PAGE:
Still, it's on more than it's off. The court battles are as fun and intense as ever. Gathering evidence is an easy process that won't let you proceed without everything you'll need to win in court, and the dialogue is, in general, well-written and funny. There are a few references to extremely out-of-date memes, but I guess that comes with the territory. The back and forth between the forces of good and evil is quite compelling in this game, as it's essentially a chess battle between two masters. The Ace Attorney games are great at creating nasty villains, and the big bad here might just be the evilest of the lot. Sadly, the prosecutor in Apollo Justice: Ace Attorney falls a bit flat. He's not much of a rival, and really isn't meant to be. Following Godot from Trials and Tribulations was always going to be a tough act, but it sort of feels like Klavier isn't even trying.
What you end up with is a game that doesn't do much to break away from the rest of the series in terms of mechanics, and perhaps does too much to break away in the narrative sense. Apollo Justice is nowhere near the dizzying highs of Trials and Tribulations, but it's also far from the lows of Justice for All. I personally like it better than Dual Destinies, but I should probably make it clear that I'm usually in a minority with that opinion. One thing most can agree on, however, is that Dual Destinies did its best to walk back and retcon as much of Apollo Justice: Ace Attorney as it possibly could, so if you've been playing these games in the order they were released on iOS, you're probably going to get a good dose of confusion along with some illumination. Plans for future games were clearly changed considerably, and that makes Apollo Justice a jarring experience in hindsight.
If you've never played an Ace Attorney game before, well, this probably isn't a great place to start. It was meant as a fresh start for the series but it is still quite steeped in what came before, and since what came before is readily available on iOS, you really should play those first. Mechanically, not much is different here. This is a sort of visual novel hybrid where you play as a defense lawyer trying to secure a not guilty verdict for each of your clients. You'll alternate between questioning people for information, searching areas for evidence, and using that evidence to poke holes in the testimony of various witnesses. It involves a lot of reading, some good old-fashioned pointing-and-tapping, and a good eye for contradictions. Sometimes, it also involves some ridiculous guessing to try to synchronize the game's logic with your own. Not too much in this installment, but that aspect is still there. Fortunately, you can save and load with wild abandon, so it doesn't have much impact if you guess incorrectly.
As for the quality of the port, it's quite good. The original graphics didn't need quite as much sprucing up as those of the first three games, but they do look great in high-resolution. Since the original game was on the Nintendo DS, the touch-based controls made a smooth transition. There are a few things to note, however. First, the game needs to check-in online when you start it up. After it has done its check, you can go into airplane mode and play happily off the grid, but if you don't have internet for that first check, you won't be playing. Given the other games used a similar structure and didn't have that kind of requirement, I can't imagine it had to be this way. Not a big issue, mind you, but worth mentioning. The game is also comically large in terms of how much memory it takes up when installed. You'll need to have 2.4 GB or so free, which is quite a bit more than the other Ace Attorney games have required.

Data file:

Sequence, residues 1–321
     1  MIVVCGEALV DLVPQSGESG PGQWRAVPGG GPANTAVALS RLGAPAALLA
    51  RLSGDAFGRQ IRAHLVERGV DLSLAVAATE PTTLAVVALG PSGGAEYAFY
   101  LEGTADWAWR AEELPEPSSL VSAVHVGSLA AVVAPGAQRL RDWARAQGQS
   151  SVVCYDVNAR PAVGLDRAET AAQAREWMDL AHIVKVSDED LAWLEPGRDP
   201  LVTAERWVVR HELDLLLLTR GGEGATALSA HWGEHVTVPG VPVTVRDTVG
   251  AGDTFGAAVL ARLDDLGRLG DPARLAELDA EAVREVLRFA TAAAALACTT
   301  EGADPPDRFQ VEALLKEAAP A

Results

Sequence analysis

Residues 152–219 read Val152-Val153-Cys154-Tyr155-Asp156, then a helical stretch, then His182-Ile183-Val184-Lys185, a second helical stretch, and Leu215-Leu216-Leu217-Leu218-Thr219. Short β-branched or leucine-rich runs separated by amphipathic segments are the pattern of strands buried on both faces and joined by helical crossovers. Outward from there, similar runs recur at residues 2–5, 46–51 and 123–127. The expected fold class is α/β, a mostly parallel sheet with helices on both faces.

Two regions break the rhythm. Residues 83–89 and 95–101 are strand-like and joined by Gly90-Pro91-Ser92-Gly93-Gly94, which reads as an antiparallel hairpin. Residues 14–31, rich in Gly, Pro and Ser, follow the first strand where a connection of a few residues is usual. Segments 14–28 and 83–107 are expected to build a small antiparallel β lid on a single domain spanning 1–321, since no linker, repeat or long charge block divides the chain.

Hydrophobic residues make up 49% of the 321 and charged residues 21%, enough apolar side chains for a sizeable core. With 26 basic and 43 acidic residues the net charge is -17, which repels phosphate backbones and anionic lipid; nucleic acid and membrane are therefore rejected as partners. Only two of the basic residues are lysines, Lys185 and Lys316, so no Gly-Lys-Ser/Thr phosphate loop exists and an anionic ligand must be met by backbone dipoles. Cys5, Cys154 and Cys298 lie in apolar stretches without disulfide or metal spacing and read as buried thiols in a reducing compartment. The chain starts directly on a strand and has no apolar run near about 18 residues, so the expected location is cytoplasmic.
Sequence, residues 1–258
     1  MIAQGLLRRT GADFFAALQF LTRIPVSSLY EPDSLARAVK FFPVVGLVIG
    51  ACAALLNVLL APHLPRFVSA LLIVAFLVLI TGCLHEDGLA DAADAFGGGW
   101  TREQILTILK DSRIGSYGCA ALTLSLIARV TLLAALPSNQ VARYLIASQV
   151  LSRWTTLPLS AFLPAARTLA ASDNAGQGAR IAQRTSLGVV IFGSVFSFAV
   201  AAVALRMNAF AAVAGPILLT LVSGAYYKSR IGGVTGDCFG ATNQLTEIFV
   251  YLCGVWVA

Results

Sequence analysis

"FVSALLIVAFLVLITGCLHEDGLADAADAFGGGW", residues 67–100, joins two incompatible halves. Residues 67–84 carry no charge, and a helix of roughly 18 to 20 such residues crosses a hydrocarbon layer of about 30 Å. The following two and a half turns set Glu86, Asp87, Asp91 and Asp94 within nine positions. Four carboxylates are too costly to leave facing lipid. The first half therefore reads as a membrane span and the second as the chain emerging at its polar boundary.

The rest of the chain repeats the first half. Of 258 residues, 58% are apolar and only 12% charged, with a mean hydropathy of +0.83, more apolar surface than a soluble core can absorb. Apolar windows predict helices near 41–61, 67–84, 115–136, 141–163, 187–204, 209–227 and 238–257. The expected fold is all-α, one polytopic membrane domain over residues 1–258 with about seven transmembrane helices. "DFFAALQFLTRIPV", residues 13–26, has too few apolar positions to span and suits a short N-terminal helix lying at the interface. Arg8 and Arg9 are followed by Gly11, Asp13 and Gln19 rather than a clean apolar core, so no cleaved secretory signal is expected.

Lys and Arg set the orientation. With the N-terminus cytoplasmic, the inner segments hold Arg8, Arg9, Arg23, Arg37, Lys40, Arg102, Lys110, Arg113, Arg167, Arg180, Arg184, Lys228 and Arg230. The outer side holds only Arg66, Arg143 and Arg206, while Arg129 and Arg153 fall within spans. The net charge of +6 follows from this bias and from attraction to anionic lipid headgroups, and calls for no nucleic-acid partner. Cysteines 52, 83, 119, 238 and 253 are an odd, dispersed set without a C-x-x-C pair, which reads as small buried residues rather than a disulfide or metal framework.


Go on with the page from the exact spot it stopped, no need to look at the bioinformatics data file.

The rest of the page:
Then there's the pay structure, which has been met with some controversy in our forums. The initial purchase price entitles you to the first half of the first case, which serves as a short taste to get you hooked on the premise. It's basically a paid demo, and some people might not be okay with that. After that, you can buy the rest of the episodes a la carte or pick them all up at once in a discounted bundle for $14.99. Now, that gets you about 20 hours of game to pick at, so it's certainly a good value, but be aware that you're not getting much at all for that initial $0.99. I'm not quite sure what Capcom's aim is with this strategy, but I can't help but feel they're going to get the worst effects of both the paid and free-to-play worlds by taking this route.
It's nice to finally have Apollo Justice finally getting out to other platforms. For iOS owners in particular, it's good that the odd presence of the Phoenix Wright Trilogy [Free] and Dual Destinies without their connecting tissue has been dealt with. This may not be the best entry in the series, but it's certainly the boldest, and though it has a few low points, fans of the Ace Attorney formula should have a good enough time with it. Perhaps for some, it will be even easier to enjoy this time. After all, we know that most of its big changes don't stick around. To me, that's a shame, but for fans of Phoenix Wright, this is your chance to see a very different side of the character, free of consequences.